In such systems, knife-edge local contests can be decisive. Just 77,747 extra votes distributed suitably across Michigan, Wisconsin and Pennsylvania would have netted Mrs Clinton 46 more electoral-college votes, enough to take the White House. A total of just 75 British voters switching to the Conservatives, in the seats where they lost by the narrowest margins, could have given Mrs May a working majority. British pollsters would still have got the vote share badly wrong. But they would have come in for less criticism, since their central prediction would have fallen on the right side. Like servants and goalies, pollsters are noticed only when they fail.

As for the Brexit referendum, more polls had put Leave than Remain ahead. “The message of the polls was, it’s very much a toss-up,” says John Curtice of Strathclyde University. But that got lost as the two big parties campaigned for Remain, and newspaper columnists simply could not believe that so many British voters would really plump for the upheaval of leaving the EU.

The widespread impression that polls are bunk may also have been partly due to the much-publicised betting odds offered online. Earlier this century, online betting exchanges beat pollsters before several big elections. Economists argued that the forecasts made by punters with money on the line were likely to be more considered than the sometimes offhand responses given to pollsters. But the betting markets have flunked their recent tests. Bettors favoured a Remain victory, a Clinton presidency and a Conservative parliamentary majority, with closing odds of more than 80%.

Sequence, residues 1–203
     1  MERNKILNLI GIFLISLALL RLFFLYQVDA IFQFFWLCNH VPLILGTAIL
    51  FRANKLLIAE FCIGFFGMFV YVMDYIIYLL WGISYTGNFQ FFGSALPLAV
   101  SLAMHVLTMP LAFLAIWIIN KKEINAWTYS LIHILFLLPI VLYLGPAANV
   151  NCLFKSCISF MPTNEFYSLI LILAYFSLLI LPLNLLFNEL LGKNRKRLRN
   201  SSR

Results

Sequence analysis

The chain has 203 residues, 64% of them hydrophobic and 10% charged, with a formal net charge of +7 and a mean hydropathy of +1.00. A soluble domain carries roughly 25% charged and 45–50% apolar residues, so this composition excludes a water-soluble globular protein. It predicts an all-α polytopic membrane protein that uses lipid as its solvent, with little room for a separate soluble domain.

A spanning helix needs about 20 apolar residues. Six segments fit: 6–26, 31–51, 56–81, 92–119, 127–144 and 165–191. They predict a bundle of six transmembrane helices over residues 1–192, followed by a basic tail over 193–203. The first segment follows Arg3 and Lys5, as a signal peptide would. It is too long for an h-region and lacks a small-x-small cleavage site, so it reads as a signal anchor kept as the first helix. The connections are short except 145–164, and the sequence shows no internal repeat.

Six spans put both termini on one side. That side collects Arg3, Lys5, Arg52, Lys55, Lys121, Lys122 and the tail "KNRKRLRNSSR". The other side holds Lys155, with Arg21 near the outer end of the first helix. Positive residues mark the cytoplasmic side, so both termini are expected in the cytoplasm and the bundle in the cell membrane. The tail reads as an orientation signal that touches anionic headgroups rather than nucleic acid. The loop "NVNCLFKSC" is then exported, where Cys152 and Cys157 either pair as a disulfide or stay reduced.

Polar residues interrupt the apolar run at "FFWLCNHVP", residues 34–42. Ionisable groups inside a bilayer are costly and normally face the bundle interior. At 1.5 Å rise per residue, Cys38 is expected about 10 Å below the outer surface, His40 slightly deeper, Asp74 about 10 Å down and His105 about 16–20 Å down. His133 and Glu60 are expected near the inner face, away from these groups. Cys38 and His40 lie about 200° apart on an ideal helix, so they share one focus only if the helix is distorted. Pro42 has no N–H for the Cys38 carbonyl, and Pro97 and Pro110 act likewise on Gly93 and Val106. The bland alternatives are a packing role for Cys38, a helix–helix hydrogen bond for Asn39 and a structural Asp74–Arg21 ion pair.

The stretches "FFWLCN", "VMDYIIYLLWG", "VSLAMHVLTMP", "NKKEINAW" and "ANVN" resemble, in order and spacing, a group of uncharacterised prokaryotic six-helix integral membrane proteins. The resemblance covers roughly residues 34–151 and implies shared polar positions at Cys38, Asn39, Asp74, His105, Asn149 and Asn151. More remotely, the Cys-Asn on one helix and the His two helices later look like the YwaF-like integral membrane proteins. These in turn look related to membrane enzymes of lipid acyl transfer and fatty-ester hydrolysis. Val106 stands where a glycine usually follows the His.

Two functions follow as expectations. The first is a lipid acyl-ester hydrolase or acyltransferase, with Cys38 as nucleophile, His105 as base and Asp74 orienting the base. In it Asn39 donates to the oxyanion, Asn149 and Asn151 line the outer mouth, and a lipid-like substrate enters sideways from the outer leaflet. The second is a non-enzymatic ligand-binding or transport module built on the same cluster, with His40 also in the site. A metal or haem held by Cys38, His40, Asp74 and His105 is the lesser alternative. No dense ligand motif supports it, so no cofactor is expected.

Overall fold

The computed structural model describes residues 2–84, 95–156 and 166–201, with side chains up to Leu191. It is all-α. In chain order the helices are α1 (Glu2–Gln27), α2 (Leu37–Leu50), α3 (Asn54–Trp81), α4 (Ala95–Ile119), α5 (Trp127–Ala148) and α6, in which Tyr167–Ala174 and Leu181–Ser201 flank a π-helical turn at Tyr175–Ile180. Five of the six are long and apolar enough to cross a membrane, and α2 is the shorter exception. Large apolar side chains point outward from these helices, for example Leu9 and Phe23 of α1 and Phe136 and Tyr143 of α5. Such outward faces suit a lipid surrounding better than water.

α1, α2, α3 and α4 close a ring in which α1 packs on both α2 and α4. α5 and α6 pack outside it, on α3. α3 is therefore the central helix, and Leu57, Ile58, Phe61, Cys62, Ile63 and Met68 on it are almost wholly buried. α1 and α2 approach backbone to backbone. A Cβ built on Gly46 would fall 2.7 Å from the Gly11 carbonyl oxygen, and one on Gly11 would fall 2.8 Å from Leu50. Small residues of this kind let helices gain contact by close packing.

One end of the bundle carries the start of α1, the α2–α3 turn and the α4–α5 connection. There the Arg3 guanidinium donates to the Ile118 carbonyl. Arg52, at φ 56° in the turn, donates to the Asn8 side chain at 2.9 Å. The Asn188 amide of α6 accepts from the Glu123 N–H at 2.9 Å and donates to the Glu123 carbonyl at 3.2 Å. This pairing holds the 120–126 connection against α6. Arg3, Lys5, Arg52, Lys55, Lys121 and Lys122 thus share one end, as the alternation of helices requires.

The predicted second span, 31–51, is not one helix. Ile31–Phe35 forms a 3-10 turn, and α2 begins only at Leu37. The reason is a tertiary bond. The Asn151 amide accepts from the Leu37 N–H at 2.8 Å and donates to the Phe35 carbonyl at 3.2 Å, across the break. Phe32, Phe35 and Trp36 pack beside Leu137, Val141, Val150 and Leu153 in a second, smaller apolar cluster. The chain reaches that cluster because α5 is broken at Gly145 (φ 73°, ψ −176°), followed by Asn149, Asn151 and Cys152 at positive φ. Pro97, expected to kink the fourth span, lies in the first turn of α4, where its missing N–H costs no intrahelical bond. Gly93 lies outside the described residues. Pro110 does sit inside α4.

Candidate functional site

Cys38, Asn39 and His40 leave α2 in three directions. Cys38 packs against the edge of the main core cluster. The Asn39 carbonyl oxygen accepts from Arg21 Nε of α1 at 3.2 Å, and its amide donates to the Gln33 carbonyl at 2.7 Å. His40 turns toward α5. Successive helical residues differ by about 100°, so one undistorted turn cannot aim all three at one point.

Last week’s election in Britain weakened the evidence for the theory that campaigns have little effect on voting behaviour, advanced by many political scientists. Mrs May’s support seems to have plunged during her dismal campaign: Survation, the pollster that most accurately predicted the final result on the eve of the election, and YouGov both gave her party double-digit leads just three weeks before election day. Picking up such rapid changes in public sentiment is straightforward, though not cheap: it requires larger sample sizes and more frequent surveys. These also help with the “noise” found in any random sample, which pollsters refer to as sampling error.